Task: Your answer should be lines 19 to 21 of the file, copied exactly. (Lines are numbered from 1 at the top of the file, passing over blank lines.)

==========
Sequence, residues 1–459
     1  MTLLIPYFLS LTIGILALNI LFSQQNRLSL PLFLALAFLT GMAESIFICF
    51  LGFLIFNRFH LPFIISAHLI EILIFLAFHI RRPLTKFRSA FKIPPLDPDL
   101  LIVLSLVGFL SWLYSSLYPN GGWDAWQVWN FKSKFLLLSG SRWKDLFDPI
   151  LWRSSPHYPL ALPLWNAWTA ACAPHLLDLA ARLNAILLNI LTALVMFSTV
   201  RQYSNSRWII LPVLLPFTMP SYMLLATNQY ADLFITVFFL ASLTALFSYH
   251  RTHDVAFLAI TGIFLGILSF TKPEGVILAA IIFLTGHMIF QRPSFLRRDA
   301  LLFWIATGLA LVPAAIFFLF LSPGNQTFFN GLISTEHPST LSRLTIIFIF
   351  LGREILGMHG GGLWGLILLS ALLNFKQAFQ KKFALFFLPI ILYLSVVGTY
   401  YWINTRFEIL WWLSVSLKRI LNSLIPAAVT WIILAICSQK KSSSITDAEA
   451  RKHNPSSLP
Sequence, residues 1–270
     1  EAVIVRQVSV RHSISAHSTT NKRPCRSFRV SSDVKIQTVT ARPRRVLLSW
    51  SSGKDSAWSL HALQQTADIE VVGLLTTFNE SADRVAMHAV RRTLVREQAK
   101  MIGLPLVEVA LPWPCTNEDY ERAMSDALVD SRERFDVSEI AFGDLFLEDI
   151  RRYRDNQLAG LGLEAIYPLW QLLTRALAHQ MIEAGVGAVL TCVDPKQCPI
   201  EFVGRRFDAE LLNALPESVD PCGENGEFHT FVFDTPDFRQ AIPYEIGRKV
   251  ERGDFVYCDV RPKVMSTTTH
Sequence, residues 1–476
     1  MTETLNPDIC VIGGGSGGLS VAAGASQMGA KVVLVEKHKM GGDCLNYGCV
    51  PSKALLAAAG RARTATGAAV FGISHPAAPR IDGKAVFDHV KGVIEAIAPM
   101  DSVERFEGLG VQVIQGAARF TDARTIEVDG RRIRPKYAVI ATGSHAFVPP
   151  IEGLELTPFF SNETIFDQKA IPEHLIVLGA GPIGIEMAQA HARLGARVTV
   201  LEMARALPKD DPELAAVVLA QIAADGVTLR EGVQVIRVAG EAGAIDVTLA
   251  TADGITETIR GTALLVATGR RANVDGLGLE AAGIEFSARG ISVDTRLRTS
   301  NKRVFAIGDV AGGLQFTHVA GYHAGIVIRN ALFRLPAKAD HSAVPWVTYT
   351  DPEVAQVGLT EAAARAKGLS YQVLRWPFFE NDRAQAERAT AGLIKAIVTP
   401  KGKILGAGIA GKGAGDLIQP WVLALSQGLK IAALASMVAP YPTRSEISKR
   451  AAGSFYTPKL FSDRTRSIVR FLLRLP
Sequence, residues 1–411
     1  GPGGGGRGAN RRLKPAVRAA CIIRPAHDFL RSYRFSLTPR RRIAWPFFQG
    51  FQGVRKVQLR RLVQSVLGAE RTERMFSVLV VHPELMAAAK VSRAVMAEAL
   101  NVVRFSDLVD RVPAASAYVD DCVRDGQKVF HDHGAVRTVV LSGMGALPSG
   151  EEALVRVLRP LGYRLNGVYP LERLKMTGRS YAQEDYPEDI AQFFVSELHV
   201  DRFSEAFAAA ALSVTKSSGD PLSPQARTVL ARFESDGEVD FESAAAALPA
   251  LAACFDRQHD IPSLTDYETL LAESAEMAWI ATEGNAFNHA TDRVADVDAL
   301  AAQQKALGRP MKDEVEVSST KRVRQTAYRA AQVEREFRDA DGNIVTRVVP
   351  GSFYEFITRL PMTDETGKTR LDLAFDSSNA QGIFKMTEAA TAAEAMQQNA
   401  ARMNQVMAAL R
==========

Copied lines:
Sequence, residues 1–476
     1  MTETLNPDIC VIGGGSGGLS VAAGASQMGA KVVLVEKHKM GGDCLNYGCV
    51  PSKALLAAAG RARTATGAAV FGISHPAAPR IDGKAVFDHV KGVIEAIAPM